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Libya’s State Oil Firm: War Ship Treathens Vital Oil Facilities

Libya’s National Oil Corporation (NOC) said that a warship had been staying at the Ras Lanuf oil terminal for several days, and has demanded that the military activity at vital Libyan oil facilities cease.

Libya’s oil terminals remain out of service, and the country has not exported oil since January.

Currently, oil production in Libya is just 100,000 bpd—down from 1.2 million bpd at the start of the year, just before paramilitary formations affiliated with the Libyan National Army (LNA) of eastern Libyan strongman General Khalifa Haftar occupied Libya's oil export terminals and oilfields.  

Libya’s conflict continues, preventing oil production and exports from the African OPEC member. Two weeks ago, Haftar's forces rejected the ceasefire announced two days earlier by the UN-backed government of Libya and the east-based rival administration, dismissing the proposal for truce as a "marketing" stunt.

On Tuesday, NOC said that a warship had entered the Ras Lanuf oil terminal on Saturday and, at present, remains in port.

“NOC demands the immediate withdrawal of all military personnel from its facilities to protect the safety of its employees and the integrity of its infrastructure. We cannot tolerate the lives of our employees being put at risk or our facilities being damaged or destroyed by illegal military activity,” a spokesman for the oil firm said in a statement.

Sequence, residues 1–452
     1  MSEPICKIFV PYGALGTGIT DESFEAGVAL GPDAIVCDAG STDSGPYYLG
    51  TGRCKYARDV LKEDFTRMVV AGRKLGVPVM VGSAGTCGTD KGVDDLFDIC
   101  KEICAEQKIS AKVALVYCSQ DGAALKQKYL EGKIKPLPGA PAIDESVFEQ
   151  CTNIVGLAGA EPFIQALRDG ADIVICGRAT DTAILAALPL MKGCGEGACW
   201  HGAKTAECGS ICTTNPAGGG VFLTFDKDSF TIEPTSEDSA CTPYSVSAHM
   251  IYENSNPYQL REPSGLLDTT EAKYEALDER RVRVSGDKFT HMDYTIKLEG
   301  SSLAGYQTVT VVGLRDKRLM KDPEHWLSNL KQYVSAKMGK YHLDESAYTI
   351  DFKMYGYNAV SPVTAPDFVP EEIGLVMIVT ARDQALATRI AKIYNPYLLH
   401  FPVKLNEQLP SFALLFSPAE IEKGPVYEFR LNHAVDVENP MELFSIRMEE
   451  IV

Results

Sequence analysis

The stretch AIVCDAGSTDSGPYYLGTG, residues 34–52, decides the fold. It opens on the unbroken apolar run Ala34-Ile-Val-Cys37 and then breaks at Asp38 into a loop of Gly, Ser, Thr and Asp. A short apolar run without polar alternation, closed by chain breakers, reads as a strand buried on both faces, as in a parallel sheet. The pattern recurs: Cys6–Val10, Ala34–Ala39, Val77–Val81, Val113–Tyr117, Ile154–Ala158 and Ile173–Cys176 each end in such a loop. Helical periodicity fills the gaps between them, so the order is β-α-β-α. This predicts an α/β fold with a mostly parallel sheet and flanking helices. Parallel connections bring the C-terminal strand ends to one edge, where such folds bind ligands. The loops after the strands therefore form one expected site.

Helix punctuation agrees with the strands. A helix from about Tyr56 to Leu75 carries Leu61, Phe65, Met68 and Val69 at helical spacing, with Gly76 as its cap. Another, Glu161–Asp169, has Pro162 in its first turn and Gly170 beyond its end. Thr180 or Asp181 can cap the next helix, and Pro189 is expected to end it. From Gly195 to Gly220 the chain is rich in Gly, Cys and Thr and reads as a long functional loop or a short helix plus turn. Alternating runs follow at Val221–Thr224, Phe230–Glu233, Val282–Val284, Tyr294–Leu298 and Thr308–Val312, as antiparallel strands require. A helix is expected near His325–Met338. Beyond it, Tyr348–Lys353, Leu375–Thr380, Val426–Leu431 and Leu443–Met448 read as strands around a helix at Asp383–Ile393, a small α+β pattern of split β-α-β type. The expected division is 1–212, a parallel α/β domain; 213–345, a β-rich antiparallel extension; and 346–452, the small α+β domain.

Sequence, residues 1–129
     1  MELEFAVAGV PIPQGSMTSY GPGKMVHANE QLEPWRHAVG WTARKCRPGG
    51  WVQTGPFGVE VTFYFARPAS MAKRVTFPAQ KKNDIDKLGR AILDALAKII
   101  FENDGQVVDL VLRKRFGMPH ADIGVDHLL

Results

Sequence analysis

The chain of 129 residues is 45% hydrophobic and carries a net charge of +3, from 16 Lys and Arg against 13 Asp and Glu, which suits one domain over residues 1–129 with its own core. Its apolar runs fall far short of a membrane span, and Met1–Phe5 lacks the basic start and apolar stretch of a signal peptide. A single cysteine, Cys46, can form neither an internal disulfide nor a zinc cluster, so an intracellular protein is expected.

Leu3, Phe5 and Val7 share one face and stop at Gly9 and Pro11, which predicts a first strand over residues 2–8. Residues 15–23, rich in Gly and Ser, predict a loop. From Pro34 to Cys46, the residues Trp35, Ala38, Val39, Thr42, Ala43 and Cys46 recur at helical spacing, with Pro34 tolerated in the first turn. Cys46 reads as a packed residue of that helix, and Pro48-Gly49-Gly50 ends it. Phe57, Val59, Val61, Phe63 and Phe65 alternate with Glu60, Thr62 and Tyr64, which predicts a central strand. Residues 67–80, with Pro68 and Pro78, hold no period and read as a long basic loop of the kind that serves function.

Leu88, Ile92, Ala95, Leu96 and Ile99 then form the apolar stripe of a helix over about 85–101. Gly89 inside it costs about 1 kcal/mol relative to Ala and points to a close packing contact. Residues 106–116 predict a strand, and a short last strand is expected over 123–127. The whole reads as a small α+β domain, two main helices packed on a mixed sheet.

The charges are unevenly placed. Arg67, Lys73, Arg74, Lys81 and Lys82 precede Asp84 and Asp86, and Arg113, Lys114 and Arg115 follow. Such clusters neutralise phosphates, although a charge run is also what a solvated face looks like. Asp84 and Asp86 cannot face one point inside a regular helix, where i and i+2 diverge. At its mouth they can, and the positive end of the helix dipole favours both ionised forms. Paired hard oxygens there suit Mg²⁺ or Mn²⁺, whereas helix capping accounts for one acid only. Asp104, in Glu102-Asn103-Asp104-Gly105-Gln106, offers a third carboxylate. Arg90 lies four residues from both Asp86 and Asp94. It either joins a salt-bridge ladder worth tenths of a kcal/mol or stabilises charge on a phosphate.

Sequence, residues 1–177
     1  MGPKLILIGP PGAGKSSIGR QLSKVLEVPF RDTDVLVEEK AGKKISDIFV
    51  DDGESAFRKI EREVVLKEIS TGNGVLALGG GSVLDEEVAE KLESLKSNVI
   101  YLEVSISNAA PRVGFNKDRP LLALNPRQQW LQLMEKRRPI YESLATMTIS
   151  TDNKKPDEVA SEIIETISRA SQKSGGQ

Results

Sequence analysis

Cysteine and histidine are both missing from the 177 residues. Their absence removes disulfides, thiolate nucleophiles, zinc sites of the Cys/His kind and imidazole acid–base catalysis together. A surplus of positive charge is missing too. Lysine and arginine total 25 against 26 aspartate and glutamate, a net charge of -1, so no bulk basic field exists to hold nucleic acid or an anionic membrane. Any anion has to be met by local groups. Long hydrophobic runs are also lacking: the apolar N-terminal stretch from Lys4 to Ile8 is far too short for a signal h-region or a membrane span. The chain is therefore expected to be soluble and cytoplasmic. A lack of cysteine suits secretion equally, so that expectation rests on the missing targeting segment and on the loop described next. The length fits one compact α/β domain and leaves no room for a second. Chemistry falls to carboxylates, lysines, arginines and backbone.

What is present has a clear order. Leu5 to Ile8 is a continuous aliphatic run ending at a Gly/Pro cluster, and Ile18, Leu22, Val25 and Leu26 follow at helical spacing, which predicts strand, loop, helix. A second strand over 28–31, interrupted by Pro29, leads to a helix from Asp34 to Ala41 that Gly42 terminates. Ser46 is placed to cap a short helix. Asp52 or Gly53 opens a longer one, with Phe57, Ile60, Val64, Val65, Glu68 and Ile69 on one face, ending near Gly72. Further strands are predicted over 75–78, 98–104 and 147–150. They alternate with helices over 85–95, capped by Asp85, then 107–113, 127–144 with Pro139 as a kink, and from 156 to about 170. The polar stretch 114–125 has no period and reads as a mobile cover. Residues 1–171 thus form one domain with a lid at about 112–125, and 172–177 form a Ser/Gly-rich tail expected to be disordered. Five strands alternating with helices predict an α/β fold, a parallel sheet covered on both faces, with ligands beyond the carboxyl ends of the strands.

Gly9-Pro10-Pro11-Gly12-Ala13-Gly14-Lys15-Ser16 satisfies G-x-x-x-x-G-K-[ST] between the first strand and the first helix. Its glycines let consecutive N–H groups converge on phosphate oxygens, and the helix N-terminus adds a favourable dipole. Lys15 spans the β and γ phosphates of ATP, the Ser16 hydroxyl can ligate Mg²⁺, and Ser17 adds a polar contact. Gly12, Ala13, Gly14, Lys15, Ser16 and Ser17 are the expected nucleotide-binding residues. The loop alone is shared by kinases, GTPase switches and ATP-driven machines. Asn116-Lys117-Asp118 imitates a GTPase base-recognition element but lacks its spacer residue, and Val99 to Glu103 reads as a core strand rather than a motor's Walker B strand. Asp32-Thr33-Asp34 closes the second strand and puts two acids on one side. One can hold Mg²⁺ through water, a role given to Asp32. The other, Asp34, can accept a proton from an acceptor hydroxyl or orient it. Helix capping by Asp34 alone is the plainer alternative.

Last Friday, NOC said that military personnel fired live rounds and heavy weapons at the Ras Lanuf port, calling for “immediate and unconditional demilitarisation of all oil facilities.”

“There needs to be an immediate withdrawal of all military groups, especially foreign mercenaries, from its facilities,” NOC chairman Mustafa Sanalla said.

Sanalla warned last month that oil tanks full to the brim at Libya's oil export terminals are posing a risk to local communities and the facilities themselves, while the port closures threaten gas production feeding power stations, leading to blackouts in many parts of the country.

By Tsvetana Paraskova for Oilprice.com

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